Finding Strength in Vulnerability

As an advisor at a college institution I serve in a variety of capacities that take on many roles. Roles that have extended to facilitator surrogate father, confident, friend, shaman leader and spiritual guide that help’s to navigate and cultivate malleable minds through life and academic experiences. Only recently have I come to identify with one more role, that of an “educator”. Whereas prior to relative experiences simply working in education did not qualify me as being an educator by proxy. Not until recently have I occupied spaces where by definition I had been given the responsibility and opportunity to actually educate and not casually regurgitate information. A couple of weeks ago I assisted in a retreat geared towards the retention, development and empowerment of minority male students. As a colleague of mine made her introduction to the group she stated something so vastly profound that it continues to reverberate within my thoughts. She summarized that which I have always innately known to be true but could never quite articulate it so simplistically. She said, “Vulnerability drives connection”… After sitting on that notion for a few days I’ve decided to take those remarks not only to heart but also a bit further in that “Vulnerability drives connection so that intimacy can fuel relationship”. At a very basic level we all desire to feel connected. If there is no vulnerability in your relationship there is no intimacy.

 Which brings me to my overarching point, Navigating masculinity can be a daunting task especially for those of us exposed to a culture that does not value nor finds strength in being vulnerable as men. Our society, tells our young men in not so subtly ways that they should mask themselves in a façade of bravado to shed and do away with feelings, emotions and all things perceived as being weak. To that end we continue to groom a generation of men who do not possess the emotional intelligence to be supportive brothers to each other and strong husbands to their wives. In the song “Love Is” by Common he tells us that “As men we were taught to hold it in that’s why we don’t know how ‘til we older men”. He’s speaking about love and all those things birthed from it, the very reason why as men we struggle in the many aspects of our relationships today. The kind of deep seeded issues that can only be remedied by the willingness to educate ourselves on our own emotional deficiencies.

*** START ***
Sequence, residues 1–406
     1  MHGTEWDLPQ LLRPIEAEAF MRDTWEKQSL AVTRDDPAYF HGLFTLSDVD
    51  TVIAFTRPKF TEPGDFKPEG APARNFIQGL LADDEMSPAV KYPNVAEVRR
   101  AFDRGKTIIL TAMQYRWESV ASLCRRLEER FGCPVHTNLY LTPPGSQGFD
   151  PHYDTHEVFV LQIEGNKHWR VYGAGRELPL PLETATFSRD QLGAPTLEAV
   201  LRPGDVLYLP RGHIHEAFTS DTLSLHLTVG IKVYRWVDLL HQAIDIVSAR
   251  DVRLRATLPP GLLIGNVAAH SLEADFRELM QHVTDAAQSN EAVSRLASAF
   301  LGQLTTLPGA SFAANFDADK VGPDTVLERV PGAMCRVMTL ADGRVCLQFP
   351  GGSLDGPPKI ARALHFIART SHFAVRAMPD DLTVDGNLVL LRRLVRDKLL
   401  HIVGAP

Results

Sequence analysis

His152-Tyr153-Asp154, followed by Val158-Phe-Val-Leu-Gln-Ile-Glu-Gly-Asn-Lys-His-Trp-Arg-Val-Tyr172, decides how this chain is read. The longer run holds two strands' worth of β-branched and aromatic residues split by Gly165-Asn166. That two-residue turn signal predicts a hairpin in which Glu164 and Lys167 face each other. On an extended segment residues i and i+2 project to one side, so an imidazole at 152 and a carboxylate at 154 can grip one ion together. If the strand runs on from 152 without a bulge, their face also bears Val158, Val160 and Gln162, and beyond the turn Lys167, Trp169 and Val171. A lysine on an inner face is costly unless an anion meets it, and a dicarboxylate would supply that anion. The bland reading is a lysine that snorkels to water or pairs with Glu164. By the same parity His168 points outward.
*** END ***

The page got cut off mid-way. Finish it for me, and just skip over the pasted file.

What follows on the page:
I have always prided myself in being an emotionally aware man attuned with ones self. Admittedly, I too struggle with my own insecurities and expectations of beauty but I acknowledge them. I look upon that as being a positive. As an artist also who makes music, writes poetry and expresses himself through various creative mediums this has served me well in that being relatable comes from the platform of authenticity. If, in any way I am going to reach, teach and connect to you I must first offer something of great value, myself. For this I will always gladly lay myself on the alter to be slaughter if it is for the benefit of others to learn. I believe this even more so now that I work closely with young men. I cannot say for sure that they all understood the message or even received in full the gem she bestowed on them but because I know they are watching me, I want to continue to be a more hopeful example of masculinity. 

Suppose I'm Just Scratching the Surface.

- Jeary